Banksy, one of today’s most alluring and enigmatic artists, brings his creativity to a new outlet with the documentary Exit Through the Gift Shop.
The Ray Stark Family Theatre bustled with conversation Tuesday night as students prepared for Banksy’s directorial debut. The intimate, forest-green theatre was filled to the brim.
Among the attendants were Jaimie D’Cruz, the film’s producer, Chris King, one of the film’s editors, and surprise guest and promoter, Roger Gastman. The three guests had a question and answer session at the end of the film screening.
Banksy opens the documentary with the introduction of the star: Thierry Guetta, the crazy-but-lovable Frenchman with an unhealthy penchant for video recording — Guetta literally films everything.
Guetta’s filming obsession serves as the audience’s mechanism to peer into a unique art form, and as the vehicle to Guetta’s ultimate success, tracked slowly throughout the film.
Guetta incessantly chronicled the adventures of artists in France, England and Los Angeles with the intent of creating a documentary about street art.
In Exit Through the Gift Shop, Banksy includes a tease of what Guetta’s first rough cut, Life Remote Control, looked like, to give the audience an idea of Guetta’s filmmaking skills. Guetta’s final product was a superfluous disaster, riddled with meaningless clips of nonsensical images and terrifying music that he believes to be self-proclaimed genius.
Banksy, the guerilla-artist-turned-director, turns the tables on Guetta. Banksy uses Guetta as a puppet-recorder to produce his own meaningful documentary on the mystifying, underground world that is street art, as well as the nature of artists themselves. Banksy tells his story through Guetta and his relationships with various urban art legends.
Interviewed under the concealing darkness of a hoodie and a disguised voice, the elusive Banksy maintains his anonymity, while explaining an art form that has been under the mainstream radar for decades, to the audience.
Banksy sifts through countless hours of Guetta’s footage to strategically compile a provocative collage of street art production. The film is rich with scenes of Guetta accompanying artists on their journey deep into the night to make their art; the scenes give the audience an accurate feel for the excitement and pressing legal issues behind the guerilla artistry.
Guetta often climbs to the tops of buildings, scaffoldings and other structures in order to capture the vantage point for his documentary. Luckily for Banksy, Guetta’s footage with legendary artists Space Invader, Mr. André, Shepard Fairey, Seizer, Neckface, Borf and Buffmonster is phenomenal.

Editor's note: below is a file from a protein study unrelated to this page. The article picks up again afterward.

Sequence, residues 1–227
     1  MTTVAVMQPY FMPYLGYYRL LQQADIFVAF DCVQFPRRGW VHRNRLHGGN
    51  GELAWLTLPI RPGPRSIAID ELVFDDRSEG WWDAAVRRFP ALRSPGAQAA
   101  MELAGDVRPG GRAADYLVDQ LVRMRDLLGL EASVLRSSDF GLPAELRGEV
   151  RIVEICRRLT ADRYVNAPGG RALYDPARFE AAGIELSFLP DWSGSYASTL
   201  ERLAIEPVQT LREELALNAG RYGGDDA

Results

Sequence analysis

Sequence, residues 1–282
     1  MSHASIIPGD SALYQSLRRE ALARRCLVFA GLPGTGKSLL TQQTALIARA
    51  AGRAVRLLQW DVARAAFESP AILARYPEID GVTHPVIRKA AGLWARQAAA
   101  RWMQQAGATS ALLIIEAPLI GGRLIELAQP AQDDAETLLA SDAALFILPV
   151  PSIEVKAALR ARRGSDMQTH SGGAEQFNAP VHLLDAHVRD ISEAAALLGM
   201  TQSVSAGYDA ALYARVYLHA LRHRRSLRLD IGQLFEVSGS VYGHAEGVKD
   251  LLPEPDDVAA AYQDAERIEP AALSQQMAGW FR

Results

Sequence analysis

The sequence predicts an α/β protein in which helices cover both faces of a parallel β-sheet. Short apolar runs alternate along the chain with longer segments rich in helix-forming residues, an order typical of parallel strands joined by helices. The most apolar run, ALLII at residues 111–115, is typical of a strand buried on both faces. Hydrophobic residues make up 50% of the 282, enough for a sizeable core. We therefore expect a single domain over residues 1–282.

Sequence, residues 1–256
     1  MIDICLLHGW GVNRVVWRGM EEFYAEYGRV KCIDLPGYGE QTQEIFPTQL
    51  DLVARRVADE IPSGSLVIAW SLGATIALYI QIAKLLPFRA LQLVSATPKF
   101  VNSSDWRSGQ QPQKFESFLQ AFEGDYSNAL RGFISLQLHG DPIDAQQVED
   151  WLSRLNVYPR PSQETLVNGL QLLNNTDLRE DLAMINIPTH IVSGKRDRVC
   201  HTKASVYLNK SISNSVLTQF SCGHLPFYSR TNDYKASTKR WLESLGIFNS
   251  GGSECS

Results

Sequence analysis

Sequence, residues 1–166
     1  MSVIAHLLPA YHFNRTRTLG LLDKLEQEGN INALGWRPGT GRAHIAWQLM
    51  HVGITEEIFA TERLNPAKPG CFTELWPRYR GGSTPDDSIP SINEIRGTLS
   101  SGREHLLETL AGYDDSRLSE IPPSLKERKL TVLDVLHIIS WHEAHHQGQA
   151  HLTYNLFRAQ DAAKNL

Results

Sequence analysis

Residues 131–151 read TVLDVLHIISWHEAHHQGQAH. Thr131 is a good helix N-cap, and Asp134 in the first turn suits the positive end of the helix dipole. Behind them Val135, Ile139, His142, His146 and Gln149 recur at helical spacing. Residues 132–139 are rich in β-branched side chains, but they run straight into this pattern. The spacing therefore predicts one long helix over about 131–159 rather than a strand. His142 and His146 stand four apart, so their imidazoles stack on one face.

Banksy has Welsh actor Rhys Ifans use a monotonous, omniscient voice to narrate Guetta’s journey throughout the street art world. The narration, in conjunction with artist interviews, provides the audience with a succinct storyline that is easy to follow but still enticing to watch.
However, the film is not just a conventional documentary about the thrilling conquests of guerilla artists. It also displays the transformation of Guetta himself from a neophyte filmmaker to a successful street artist.
Guetta, under the pseudonym Mr. Brainwash, helps propel the world of street art into the mainstream with the production of his first art show, “Life Is Beautiful”. Guetta sells out in an instant, and his success in the street art world is unprecedented.
Guetta’s complete metamorphosis, revealed at the end of the documentary, begs the audience to ask the question: Who is Banksy’s joke really on? Is there a moral to Banksy’s documentary?
After the screening was over, the panel of guests was beckoned to the front of the theater for discussion.
King informed the audience that the film started as a conventional street art documentary; however, with Guetta’s quirky filming habits and characteristics, the crew soon realized this was impossible. What evolved from the hours of Guetta’s tape was the intriguing story about the crazy Frenchman himself.
When the panelists was asked what they thought about the film, Gastman called it a comedy show in and of itself.”
The physical and personal idiosyncrasies of Guetta are so different and lovable that it is hard to watch the film and not laugh. Everything — from Guetta’s anachronistic facial hair and vocal tics — serves as comedic gold throughout the film.
D’Cruz elaborated by noting that there was a dichotomy between people’s reactions to Guetta’s success as a street artist: Some people were excited for him, saying that he did well and was living the American Dream; others, however, were furious, saying that Guetta had “manufactured” art by copying the legends he had filmed and gotten away with a terrible heist.
Whichever way one decides to look at it, one thing is for certain: the success of Mr. Brainwash is all thanks to one person, Guetta himself. Gastman pointed out that if it were not for the way Guetta looked and acted, the results would not have been the same.
The panel led an intriguing discussion that was highlighted by interesting news: Mr. Brainwash has an art show in New York.
Whomever Exit Through The Gift Shop’s joke is on, both Mr. Brainwash and Banksy seem to be confidently moving forward with their work. As a film, Exit Through the Gift Shop successfully captures the mystifying world of street art on tape, and also supplies the viewer with food for thought. Thanks, Banksy.